Florida Alimony Appeals and Inheritances
What do West Palm Beach divorces or alimony disputes have to do with Florida inheritance matters? Why are Florida divorce cases relevant to probate cases? What do Palm Beach probate litigators need to know about prenups and alimony? How important is it to hire an experienced appellate attorney for an alimony appeal? How can an appellate attorney help me to appeal a court order denying an alimony modification?
Florida Prenuptial Agreements
Florida probate lawyers and appellate attorneys know that a prenuptial agreement (prenup) can protect your inheritance from your spouse in the case of death or divorce. In a prenup, a person can specify how to divide up property and inheritances at the end of a marriage.
It is important to know that inherited assets can be considered in the award of alimony. However, by fixing the term and amount of alimony in a prenup, entangling an inheritance with a divorce can be avoided.
In the case of death, inherited assets are treated just as any other asset. Therefore, in the absence of a prenup, inherited assets are subject to spousal claims just like any other asset.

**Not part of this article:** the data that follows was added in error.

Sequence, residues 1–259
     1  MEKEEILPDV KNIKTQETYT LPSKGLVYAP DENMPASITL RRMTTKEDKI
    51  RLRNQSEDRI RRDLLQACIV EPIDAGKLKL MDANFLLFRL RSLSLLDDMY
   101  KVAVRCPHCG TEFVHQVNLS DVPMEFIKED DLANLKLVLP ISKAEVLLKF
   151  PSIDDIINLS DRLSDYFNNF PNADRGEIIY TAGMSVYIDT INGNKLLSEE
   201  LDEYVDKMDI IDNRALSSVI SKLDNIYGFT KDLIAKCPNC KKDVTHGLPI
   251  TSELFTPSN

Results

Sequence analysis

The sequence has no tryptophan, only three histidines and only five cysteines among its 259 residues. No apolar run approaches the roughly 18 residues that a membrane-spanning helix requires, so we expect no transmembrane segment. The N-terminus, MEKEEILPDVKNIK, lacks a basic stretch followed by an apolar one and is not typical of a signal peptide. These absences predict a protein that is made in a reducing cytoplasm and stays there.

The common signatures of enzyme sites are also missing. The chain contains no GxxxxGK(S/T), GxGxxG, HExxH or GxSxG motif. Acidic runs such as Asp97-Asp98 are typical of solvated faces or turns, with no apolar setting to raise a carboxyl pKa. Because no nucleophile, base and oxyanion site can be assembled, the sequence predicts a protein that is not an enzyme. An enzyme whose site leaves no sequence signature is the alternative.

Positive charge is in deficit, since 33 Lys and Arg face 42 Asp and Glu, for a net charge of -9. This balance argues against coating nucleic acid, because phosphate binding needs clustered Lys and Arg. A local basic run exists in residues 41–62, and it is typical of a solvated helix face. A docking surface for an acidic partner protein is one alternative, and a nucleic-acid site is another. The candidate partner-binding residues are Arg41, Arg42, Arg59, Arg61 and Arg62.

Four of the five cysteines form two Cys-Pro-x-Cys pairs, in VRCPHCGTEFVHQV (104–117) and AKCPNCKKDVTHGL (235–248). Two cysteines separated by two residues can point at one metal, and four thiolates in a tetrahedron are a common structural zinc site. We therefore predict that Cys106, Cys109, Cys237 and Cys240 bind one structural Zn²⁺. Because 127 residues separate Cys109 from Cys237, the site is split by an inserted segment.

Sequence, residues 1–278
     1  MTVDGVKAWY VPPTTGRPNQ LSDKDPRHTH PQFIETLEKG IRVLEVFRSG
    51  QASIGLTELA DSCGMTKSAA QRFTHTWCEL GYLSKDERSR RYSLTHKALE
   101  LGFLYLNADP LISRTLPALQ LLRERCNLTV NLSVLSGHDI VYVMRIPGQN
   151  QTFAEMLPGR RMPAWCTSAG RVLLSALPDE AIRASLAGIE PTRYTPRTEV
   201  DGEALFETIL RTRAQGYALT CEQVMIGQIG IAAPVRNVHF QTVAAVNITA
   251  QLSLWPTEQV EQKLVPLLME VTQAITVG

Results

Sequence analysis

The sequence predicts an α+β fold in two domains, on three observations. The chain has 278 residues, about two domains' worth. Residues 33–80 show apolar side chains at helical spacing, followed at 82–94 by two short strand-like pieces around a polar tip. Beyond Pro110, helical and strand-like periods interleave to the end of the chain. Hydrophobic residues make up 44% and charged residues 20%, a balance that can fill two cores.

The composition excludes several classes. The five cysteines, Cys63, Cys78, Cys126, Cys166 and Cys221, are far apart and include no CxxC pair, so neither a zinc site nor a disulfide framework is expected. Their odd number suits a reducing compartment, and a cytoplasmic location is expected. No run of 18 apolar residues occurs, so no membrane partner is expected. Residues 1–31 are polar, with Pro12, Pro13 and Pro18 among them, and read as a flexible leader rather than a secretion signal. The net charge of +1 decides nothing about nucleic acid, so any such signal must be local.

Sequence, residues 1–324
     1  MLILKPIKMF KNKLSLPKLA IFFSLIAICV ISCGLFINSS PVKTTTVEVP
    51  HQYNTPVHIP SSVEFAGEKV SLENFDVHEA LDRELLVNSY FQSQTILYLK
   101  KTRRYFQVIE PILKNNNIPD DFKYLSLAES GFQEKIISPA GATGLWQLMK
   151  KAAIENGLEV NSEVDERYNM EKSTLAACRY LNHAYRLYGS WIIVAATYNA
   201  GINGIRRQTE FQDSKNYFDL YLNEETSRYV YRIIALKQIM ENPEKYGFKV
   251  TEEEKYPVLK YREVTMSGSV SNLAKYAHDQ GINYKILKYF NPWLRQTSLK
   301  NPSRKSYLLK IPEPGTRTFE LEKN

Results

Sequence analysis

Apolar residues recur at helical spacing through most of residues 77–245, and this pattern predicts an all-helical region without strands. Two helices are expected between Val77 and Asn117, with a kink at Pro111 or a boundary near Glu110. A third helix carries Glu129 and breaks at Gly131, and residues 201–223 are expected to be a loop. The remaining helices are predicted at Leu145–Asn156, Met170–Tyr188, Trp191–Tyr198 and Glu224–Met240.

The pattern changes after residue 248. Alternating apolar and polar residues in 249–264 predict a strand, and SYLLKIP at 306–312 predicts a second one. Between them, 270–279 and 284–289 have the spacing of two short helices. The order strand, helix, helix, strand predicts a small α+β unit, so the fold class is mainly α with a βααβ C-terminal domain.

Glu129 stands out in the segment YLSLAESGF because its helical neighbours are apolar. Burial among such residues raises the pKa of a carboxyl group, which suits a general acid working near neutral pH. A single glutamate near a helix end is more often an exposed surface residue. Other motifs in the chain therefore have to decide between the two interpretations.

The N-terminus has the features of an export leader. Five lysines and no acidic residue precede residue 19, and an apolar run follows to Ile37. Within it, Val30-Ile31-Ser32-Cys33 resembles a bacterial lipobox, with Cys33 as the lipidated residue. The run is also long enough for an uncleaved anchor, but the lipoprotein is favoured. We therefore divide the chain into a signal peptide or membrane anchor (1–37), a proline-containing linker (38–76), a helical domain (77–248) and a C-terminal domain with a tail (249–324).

If you don’t have a prenup, you may find yourself needing to hire a Florida family law attorney to represent you in an alimony battle, a West Palm Beach probate attorney to fight for your inheritance, and even an appellate attorney if a decision needs to be appealed.
Nangle v. Nangle
If you are involved in alimony litigation or questioning whether or not you should execute a prenup prior to marriage, you may want to read Nangle v. Nangle, a December 18, 2019 Fourth DCA opinion. Although Nangle v. Nangle is not a Florida family law or probate case regarding inheritance, it is a good example of Florida alimony litigation that may have been avoided if a prenup had been executed prior to the marriage.
Here, the former husband appeals the trial court’s order denying his motion to modify alimony. When the parties got divorced in 2008, permanent alimony was awarded to the former wife. However, in 2017, the former husband filed for modification/ termination of alimony.
The former husband argued that there had been a substantial and contemplated change in circumstances since the entry of the alimony order. When the former husband had retired, he entered into a redemption agreement in which the company he had worked for agreed to pay him for his stock. The monthly redemption payments had come to an end and, without them, former husband said he could not afford the alimony payments.
The appellate court reversed and remanded the case to the trial court for further proceedings consistent with the appellate opinion. The appellate court explained that the trial court’s order failed to address either the former husband’s ability to pay or changes to the former wife’s financial status.
At Pankauski Hauser Lazarus, our attorneys handle civil family law appeals just like this one. To interview an appellate lawyer, free of charge, call (561) 514-0900 ext.101.